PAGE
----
And then we graduated into second year. Finally we weren’t ‘first years’ anymore. I remember thinking how hard the work was. I remember the whole year feeling like a massive high. I remember feeling comfortable in my friendships. I remember welcoming Kate and Tam on to our corridor. I remember the feeling of knowing what I was doing because I could help them. I remember writing and essay on the resurrection of Jesus and talking about it with my barista. I remember welcoming little Annabelle into the world. I remember the comfort of not having to say goodbye to anyone from our year.

Third year was a vacuum. Not the excitement of first year. Not the delight of graduating in to second year. Not close enough to the end to see it. Just stuck in the middle. I remember the terror of panic attacks. I remember the kindness of Katie who would sit with me during them. I remember the tears. I remember the confusion. I remember a lot of sleepless nights. I remember the stars. I remember Paul and Ryan letting me lie on their couches and just be. I remember Michael’s lectures on the Christian life. I remember the love-hate relationship I had with ethics. I remember learning in a new way that nothing can separate us from the love of Christ.

All of a sudden we were in fourth year. I remember deciding to do both my electives and audit a subject in first semester (not my finest moment). I remember the pain and joy of Shapers. I remember becoming real friends with lecturers. I remember the moment I discovered what I wanted to do with my life. I remember wanting to do a project, and then wishing I hadn’t, and then glad I did. I remember wanting to make the most of the limited time with people. I remember being too tired to make conversation. I remember being thankful for friends with whom to be silent. I remember wishing Sarah and Kylie were here. I remember the way God provided new friendships. I remember the feeling of satisfaction.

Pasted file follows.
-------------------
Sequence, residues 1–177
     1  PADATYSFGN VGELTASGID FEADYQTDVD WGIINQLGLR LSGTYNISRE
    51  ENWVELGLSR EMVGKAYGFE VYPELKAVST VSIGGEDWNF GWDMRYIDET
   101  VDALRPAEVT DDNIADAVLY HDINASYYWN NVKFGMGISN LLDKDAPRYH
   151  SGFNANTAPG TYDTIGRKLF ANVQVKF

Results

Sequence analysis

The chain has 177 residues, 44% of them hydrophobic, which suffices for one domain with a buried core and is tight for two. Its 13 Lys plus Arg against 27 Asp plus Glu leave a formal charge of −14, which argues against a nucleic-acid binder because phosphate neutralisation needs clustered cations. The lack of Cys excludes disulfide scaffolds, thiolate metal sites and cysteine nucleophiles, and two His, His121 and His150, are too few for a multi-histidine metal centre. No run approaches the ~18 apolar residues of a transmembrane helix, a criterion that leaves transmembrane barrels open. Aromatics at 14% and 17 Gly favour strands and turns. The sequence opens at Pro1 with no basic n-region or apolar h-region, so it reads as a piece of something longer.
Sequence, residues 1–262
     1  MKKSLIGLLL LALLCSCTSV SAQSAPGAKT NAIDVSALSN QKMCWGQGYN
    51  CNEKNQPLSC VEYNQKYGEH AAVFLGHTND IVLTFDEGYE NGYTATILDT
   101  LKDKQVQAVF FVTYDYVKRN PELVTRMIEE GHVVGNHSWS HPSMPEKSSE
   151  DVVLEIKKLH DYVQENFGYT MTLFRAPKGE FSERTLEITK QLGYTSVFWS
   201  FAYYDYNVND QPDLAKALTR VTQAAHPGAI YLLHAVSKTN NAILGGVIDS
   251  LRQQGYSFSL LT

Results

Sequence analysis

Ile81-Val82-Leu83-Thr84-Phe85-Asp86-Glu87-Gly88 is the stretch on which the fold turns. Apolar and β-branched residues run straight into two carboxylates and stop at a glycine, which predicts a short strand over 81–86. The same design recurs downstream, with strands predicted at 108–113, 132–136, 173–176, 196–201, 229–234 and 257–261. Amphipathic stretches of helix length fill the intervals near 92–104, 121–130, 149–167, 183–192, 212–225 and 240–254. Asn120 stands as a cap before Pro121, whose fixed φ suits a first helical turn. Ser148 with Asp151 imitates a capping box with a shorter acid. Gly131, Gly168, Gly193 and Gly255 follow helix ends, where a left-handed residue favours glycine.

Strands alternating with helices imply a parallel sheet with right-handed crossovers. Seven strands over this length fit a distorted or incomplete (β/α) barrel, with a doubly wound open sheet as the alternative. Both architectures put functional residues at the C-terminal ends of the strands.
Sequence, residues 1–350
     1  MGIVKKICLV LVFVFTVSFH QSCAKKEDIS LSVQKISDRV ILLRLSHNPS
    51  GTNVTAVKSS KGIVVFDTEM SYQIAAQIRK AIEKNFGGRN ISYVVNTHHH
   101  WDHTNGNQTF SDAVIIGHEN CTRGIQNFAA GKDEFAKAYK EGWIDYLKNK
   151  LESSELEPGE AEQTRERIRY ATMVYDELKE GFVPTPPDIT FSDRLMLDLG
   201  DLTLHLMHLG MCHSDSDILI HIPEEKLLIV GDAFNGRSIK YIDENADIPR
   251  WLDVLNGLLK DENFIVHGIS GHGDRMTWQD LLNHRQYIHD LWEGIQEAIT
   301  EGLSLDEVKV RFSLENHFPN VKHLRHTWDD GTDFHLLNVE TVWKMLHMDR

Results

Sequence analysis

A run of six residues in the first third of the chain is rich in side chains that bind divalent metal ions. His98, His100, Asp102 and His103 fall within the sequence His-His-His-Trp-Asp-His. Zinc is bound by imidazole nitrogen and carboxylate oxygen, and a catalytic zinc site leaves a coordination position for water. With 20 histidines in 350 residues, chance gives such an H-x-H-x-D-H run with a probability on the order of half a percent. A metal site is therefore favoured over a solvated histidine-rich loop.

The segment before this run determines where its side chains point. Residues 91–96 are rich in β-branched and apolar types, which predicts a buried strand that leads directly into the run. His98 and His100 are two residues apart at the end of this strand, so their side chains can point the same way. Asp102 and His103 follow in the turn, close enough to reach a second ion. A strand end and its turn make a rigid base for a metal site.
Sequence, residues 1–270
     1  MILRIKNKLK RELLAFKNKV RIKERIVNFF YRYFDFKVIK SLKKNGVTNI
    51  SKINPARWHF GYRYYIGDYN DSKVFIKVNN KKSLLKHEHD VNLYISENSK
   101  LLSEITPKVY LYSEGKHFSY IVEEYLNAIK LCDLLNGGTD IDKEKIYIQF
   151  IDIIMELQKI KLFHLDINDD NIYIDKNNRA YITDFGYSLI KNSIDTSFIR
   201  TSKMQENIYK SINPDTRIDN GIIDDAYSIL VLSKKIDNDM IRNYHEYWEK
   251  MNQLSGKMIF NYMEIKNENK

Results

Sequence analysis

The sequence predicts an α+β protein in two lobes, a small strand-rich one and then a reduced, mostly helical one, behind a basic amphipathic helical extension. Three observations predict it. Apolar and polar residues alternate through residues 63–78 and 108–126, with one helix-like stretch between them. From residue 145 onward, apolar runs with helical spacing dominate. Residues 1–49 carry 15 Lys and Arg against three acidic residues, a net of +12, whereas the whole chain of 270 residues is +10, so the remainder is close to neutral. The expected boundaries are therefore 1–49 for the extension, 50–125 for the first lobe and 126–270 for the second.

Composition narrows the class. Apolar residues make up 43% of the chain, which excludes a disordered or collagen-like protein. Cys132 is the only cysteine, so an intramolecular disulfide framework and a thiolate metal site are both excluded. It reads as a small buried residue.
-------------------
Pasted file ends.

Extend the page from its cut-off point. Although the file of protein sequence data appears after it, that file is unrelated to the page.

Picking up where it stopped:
And so much more.

And now we are finished. I feel like I blinked and suddenly it’s over. There are too many things to miss. Too many things to grieve. Studying together, not only with brothers and sisters, but with friends. Living together, and the unusual delight of just popping by to say hi. Learning together, both being taught and teaching each other.

I used to think that I made the decision to come to college because I wanted to be trained to do my job better. I wanted to spend time studying the Bible to grow in my knowledge of God so that I could teach others. Now I realise that God brought me here to break me. Never have I been so aware of my own sin, my own faults and failures. Never so aware of God’s unfailing, unending and unchanging grace. I am not the same person I was when I came here.

I wait for the fog of grief to descend. I am certain it will come.

But for now, Moore College, I bid you adieu.

I lost myself, and found someone better

My plane landed in Sydney on the 24th of January 2010. Three days later I moved all my worldly possessions into the room at Moore Theological College that I have now occupied for almost 4 years. Four days after that I spent my first night here. Then class started.

For the 13 months previous to this I had lived Mexico City. I lived with a charming Mexican family in one of the more pleasant parts of that megacity. When I was 24 I decided that I wanted to do one year of my MTS Apprenticeship overseas. I knew some people there, they invited me to train with them, I said yes, bought a plane ticket, and was on a plane within 7 months. I spent the year working with Compañerismo Estudiantil (it’s the AFES equivalent in Mexico).

But I digress.

Looking North West over Mexico City

Living in a megacity is a bit like living between the emergency department of a hospital and a rave dance party. All day and all night are marked by sirens, people shouting, dogs barking, children yelling, and noisy buses. All day. All night. It is a huge city, and it never sleeps. This, mixed with worsening digestive problems, produced in me a highly strung, intensely stressed personality. I didn’t know any of this until I got back to Australia and slept at my parents house. It was so quiet. I felt like I could breathe. It took me a long time to unwind all that pent up stress.